Once he achieved some notoriety and earning power with his fists, the now-grown-up young man, who had converted to Islam, offered a $10,000 reward to anyone who could supply him with information that might reunite him with his biological family. Perhaps not surprisingly, the aunt who wanted nothing more than to get rid of him showed up to put in a claim to the finder's fee, and the older brother who carried out the aunt's directive also came around, seeking a handout.

No wonder Saad fought with such ferociousness inside the ropes, and was such an easy touch outside them. Maybe he thought he could buy love and friendship, needful things that, when genuine, should never be bartered.

"I would be nice to other people, help other people, give to other people," Saad, who was inducted into the International Boxing Hall of Fame in 1998, said earlier this year. "Stupid me."

What misplaced generosity did not take from Saad, 56, divorce and bankruptcy depleted from the remnants of his approximate $4 million in ring earnings. He trained fighters for a while and also worked as a roofer. He swallowed his pride and entered the RHDS Ridge Center, Philadelphia's largest homeless center, in June 2010 when there really was no place else to go.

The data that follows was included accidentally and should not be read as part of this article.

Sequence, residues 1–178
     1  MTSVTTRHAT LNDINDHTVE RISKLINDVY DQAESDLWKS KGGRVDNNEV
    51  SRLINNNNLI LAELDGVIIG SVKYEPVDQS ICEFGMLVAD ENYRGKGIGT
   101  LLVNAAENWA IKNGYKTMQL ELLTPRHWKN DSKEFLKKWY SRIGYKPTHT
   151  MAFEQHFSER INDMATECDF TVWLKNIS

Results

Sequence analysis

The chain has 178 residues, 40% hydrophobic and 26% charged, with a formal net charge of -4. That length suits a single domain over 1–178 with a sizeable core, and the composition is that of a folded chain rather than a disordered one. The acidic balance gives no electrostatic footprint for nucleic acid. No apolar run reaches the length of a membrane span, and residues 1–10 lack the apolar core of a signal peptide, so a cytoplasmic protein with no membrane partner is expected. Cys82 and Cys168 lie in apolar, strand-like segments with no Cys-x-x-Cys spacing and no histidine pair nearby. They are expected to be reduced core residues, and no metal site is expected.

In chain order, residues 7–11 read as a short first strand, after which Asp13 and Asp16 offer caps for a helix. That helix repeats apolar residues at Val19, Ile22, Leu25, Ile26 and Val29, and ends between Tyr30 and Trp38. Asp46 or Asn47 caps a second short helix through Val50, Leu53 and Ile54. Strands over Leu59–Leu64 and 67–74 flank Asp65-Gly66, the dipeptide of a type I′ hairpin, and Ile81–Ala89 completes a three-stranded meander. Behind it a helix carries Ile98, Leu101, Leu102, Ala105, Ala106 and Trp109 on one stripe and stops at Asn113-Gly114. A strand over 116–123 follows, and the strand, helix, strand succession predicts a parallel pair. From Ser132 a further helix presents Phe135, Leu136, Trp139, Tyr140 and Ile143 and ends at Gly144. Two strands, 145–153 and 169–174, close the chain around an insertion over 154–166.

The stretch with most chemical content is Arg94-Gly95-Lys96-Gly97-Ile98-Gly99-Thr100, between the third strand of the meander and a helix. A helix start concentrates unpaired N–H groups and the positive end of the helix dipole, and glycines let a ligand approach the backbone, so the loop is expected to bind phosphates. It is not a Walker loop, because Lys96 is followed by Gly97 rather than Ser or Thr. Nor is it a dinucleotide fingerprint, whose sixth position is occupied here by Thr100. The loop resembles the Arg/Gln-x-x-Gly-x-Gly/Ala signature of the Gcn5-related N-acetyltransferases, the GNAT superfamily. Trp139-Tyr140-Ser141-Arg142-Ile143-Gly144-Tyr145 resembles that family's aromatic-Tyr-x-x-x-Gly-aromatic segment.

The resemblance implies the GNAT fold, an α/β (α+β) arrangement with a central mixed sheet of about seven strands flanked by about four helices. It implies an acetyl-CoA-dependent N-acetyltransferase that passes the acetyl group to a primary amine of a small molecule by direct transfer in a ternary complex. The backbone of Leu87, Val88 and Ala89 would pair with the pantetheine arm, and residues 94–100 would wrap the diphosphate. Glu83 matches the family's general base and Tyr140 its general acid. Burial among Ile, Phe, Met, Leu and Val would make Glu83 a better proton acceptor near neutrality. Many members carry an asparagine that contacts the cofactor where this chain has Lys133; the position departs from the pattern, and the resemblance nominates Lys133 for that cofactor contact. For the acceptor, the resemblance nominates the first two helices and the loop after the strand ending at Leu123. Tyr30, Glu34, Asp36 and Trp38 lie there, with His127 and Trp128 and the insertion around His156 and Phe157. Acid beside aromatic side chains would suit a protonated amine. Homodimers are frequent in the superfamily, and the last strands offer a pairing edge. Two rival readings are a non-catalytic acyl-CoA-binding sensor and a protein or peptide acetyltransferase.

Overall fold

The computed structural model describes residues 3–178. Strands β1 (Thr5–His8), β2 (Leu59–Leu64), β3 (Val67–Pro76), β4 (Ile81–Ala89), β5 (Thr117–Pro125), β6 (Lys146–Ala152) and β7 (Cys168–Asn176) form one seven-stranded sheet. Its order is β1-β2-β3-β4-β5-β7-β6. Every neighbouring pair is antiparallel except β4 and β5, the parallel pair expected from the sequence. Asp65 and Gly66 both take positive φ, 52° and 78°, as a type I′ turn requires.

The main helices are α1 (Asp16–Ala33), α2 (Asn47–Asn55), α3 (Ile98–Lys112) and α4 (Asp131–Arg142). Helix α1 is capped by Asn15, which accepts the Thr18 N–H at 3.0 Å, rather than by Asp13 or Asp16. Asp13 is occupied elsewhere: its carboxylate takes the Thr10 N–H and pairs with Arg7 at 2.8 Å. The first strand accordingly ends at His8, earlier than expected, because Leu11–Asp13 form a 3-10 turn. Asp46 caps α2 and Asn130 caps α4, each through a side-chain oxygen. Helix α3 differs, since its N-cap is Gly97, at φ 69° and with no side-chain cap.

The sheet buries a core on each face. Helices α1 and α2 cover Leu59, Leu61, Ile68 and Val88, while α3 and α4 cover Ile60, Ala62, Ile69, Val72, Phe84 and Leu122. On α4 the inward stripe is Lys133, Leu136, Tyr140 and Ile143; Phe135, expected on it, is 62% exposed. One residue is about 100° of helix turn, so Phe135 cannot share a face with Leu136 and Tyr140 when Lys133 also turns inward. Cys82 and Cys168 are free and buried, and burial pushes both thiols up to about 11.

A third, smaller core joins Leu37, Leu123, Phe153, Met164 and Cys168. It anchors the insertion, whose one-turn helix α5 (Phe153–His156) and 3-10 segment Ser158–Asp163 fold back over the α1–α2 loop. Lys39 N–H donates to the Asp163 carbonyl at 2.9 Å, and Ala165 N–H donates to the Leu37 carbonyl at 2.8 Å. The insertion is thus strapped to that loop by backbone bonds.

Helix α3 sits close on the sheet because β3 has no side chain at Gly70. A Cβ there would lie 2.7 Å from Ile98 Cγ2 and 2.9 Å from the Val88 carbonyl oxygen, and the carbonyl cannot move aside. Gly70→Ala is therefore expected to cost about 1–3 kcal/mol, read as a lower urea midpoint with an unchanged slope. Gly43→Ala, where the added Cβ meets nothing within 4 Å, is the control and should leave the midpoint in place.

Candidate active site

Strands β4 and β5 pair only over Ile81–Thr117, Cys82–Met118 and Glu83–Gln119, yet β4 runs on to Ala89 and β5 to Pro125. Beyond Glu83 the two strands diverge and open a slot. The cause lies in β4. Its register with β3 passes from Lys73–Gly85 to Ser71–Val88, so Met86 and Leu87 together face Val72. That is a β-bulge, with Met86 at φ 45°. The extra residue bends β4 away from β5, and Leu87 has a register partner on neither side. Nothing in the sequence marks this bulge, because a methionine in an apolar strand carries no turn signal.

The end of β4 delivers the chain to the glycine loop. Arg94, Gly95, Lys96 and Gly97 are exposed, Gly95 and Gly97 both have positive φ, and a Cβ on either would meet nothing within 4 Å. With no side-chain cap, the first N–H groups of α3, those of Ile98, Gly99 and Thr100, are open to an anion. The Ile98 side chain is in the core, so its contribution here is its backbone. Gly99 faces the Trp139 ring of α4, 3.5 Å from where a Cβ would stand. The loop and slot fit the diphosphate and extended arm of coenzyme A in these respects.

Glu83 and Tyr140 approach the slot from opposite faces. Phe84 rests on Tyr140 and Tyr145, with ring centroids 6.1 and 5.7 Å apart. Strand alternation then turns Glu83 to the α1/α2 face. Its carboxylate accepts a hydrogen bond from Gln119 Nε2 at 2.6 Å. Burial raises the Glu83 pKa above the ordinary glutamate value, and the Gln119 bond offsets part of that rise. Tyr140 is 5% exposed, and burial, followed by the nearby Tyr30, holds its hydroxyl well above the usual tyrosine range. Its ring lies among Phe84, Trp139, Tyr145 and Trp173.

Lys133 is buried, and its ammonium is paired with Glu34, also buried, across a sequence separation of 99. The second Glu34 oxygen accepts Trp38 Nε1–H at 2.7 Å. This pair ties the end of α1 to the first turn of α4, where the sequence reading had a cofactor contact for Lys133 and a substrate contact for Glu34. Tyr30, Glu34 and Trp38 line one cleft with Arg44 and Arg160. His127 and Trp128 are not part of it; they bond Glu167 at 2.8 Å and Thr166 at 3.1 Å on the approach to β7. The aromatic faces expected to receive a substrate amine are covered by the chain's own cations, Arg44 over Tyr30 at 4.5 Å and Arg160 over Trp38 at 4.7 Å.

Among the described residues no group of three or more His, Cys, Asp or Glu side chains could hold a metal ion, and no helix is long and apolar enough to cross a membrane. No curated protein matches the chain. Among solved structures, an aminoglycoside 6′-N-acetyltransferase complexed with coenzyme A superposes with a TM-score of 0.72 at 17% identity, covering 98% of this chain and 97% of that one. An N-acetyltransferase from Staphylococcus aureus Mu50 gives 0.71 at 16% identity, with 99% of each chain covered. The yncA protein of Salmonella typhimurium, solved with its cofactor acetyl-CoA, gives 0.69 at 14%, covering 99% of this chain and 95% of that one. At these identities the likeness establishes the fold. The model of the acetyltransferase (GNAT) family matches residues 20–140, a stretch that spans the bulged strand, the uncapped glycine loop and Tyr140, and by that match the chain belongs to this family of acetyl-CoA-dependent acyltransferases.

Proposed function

Perhaps Saad's sad story would have taken on a brighter hue had Hollywood gotten around to making the movie about his life that has been proposed for years, but never advanced beyond the discussion stage. If Micky Ward's tumultuous past could be transformed into "The Fighter," wouldn't Saad's peaks-and-valleys journey make for similarly engrossing big-screen drama?

What's truly poignant is that Saad is one of many accomplished boxers who wound up with nothing but memories of a time on top that was all too brief, like a flame flickering in the wind. Had the organizers of "Knock Out Homelessness" so chosen, other down-on-their-luck former world champions such as Meldrick Taylor and Rocky Lockridge could have stood in for Saad and the message would have remained the same.

But the everyday battles being waged and lost by traumatized military veterans and downsized workers also merit our consideration. What's at stake is a restoration of dignity that, until something more permanent comes along, begins with the knowledge that there are places for the indigent to get a hot shower, a hot meal and a clean bed, at least for the night.

If Saad's participation on April 28 can help make more of that possible, it deserves to rank up there with his classic bouts with Marvin Johnson, Richie Kates, Yaqui Lopez, John Conteh and Jerry Martin.

Welde makes All-America

Patrick Welde, a 2007 Malvern Prep graduate who has been on the Santa Clara University boxing team for 4 years, was named an All-America after he advanced to the semifinals of the National Collegiate Boxing Championships that concluded over the weekend at the U.S. Military Academy in West Point, N.Y.

Competing in the 139-pound weight class, Welde's deep run ended with a loss to Army's three-time national champion, Terrell Anthony, who was voted Most Outstanding Boxer of the tournament.

Welde, who learned the sport at the James Shuler Memorial Gym in West Philadelphia, was accompanied by his trainer, former IBF junior middleweight titlist Robert "Bam Bam" Hines, and his father, Pat Welde. *